Consumer credit card debt soared in the last quarter of 2011, climbing to nearly $16,000 per family. In running up this tab, consumers seem to have resumed the habit of borrowing from tomorrow’s wealth to meet today’s wants and desires.
According to economists who note the anemic economic recovery, consumer spending is outpacing reality. Good-paying jobs with benefits are still scarce, real estate has yet to recover its former value and savings are showing modest returns.
At the same time, two-thirds of adults are overweight or obese. In addition, about 1 out of every 3 children is overweight or at risk for obesity. In accumulating surplus pounds, these individuals and families are borrowing from tomorrow’s health to meet today’s wants and desires.
As long as no medical problems surface, these individuals can reasonably expect to enjoy their good fortune indefinitely. But as American author Bret Harte wryly observed, “The only sure thing about luck is that it will change.”
Medical care has become increasingly expensive. An initial visit to a doctor for treatment of a minor problem along with a follow up visit and a single prescription can cost several hundred dollars. Compounding the problem is the number of uninsured individuals who, when they lose their job, also lose their medical insurance. One major illness can bankrupt the uninsured and underinsured family.
The timing for the rise in the cost of medical care couldn’t be worse. Medical problems resulting from lifestyle choices, such as pooreating habits and inadequate exercise, are starting to show up in dramatic numbers. Forexample, Type 2 diabetes has reached epidemic levels for both adults and children. Dr Margaret Chan, Director-General of the World Health Organization, characterizes the spread of diabetes as a “slow-motion catastrophe.”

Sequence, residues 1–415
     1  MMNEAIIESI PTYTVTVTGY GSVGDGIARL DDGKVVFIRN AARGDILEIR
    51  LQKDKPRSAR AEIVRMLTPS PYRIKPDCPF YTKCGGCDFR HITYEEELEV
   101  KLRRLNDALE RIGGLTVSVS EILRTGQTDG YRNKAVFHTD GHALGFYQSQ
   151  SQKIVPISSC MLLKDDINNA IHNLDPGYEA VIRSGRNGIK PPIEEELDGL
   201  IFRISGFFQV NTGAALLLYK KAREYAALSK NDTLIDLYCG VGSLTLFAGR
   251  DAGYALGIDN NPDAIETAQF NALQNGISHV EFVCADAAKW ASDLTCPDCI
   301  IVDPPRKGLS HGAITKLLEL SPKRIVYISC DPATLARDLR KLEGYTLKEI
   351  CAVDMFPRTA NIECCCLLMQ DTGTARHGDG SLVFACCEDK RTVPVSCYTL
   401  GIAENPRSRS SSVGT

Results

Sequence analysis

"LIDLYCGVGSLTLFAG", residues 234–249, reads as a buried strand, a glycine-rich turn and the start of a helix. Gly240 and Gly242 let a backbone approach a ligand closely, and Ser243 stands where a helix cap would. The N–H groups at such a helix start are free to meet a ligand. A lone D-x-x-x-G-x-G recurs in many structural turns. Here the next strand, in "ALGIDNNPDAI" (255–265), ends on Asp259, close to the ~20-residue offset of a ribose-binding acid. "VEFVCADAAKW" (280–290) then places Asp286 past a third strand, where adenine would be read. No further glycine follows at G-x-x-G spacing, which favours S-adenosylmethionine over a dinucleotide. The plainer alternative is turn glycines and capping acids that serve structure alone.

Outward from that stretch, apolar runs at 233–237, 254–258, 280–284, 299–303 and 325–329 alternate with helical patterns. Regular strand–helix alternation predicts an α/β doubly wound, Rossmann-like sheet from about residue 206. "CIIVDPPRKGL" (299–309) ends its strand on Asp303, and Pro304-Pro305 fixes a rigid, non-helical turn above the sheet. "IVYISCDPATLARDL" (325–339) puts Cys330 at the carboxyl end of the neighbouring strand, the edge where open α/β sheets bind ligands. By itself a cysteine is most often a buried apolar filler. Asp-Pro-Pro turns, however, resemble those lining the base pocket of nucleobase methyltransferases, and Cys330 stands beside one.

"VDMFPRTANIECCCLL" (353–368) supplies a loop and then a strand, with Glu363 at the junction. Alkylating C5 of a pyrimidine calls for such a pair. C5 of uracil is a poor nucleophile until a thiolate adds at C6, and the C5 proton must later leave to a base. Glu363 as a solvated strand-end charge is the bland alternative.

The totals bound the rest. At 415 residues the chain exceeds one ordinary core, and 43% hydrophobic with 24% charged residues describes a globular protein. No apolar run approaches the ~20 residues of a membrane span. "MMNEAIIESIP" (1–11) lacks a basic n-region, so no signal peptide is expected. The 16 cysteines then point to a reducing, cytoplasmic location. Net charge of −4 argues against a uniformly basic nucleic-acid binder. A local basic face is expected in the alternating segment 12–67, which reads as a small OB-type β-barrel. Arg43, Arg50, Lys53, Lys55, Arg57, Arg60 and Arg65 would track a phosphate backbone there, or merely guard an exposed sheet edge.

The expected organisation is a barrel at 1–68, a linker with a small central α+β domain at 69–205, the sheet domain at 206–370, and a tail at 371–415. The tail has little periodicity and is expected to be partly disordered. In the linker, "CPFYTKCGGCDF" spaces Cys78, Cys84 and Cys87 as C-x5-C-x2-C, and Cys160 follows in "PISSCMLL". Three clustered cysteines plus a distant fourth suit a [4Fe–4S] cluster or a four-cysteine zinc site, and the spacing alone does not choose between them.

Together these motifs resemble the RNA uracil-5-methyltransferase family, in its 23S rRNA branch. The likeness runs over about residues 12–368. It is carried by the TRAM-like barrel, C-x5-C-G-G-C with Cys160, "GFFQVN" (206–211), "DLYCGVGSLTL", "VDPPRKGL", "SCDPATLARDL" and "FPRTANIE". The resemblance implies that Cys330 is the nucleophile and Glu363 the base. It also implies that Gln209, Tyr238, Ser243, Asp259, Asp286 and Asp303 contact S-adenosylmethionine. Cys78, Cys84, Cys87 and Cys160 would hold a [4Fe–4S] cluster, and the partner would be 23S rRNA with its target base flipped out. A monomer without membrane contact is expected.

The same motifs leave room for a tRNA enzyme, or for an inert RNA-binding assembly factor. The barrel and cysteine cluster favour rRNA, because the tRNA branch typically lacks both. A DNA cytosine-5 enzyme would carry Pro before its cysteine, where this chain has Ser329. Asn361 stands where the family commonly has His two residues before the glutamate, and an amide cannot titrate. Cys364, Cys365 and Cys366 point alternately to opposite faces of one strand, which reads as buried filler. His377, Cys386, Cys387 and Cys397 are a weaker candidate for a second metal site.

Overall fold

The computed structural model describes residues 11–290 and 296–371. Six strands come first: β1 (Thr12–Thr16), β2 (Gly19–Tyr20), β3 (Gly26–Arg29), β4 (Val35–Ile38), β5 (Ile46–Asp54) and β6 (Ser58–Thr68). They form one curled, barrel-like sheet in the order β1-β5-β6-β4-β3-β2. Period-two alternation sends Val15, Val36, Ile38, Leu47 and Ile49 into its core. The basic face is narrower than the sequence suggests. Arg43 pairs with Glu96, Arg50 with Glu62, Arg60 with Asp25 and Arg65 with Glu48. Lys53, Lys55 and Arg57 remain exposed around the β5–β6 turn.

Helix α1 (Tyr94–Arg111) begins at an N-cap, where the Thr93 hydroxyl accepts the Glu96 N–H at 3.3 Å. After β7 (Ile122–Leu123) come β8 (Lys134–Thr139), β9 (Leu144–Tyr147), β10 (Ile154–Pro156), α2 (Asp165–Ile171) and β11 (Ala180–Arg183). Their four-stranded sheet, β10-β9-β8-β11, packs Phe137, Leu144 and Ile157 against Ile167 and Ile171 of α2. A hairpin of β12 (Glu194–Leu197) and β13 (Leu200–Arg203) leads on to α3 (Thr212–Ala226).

But unlike consumers who can file for bankruptcy, remove their debt and start over, there is no equivalent process when it comes to our health. There is no court that can remove a disease or medical condition and give us back the freedom that comes with good health.
Here are three tips to help you assume fiscal and physical responsibility for your wealth and health (FIT):
F: Find a way to make achieving your fitness goals fun. Find food you love to eat that won’t pack on pounds and ways to exercise that make you feel young and playful. If you create and impersonate a positive image of your new self today, you’ll shift your attitude from “I have to” to “I want to.” Flipping this switch will make you more willing to adopt and maintain your new habits.
I: Invent the future you want. Implement the changes you want to make today. Don’t wait for the perfect time because there isn’t one. Your dream today can bereality tomorrow—your imagination is your only limit. And consider making all your changes at once. Recent research confirms that people who tackle all their changes together fare better than those who take a piecemeal approach.
T: Tell everyone you can about the changes you are making. Be specific about your actions and about how you will measure your progress. As social creatures, we are profoundly influenced by the behavior of everyone around us. Use this insight to create a support team and to be a positiverole model for others.
We change the oil in our cars and rotate tires to keep our automobiles functioning and prevent engine failure. That same principle holds for our bodies as well. Prevention of medical problems is farless expensive than treatment once chronic conditions have developed. Automobiles, however, can be replaced while our bodies must last a lifetime.
Invest your time and energy in maintaining yourbody. The investment will pay big dividends today through greater energy, vitality and a zest forliving. And the return on the investment long term will be even greater. Start today before the window of opportunity closes. Your future is riding on your decision.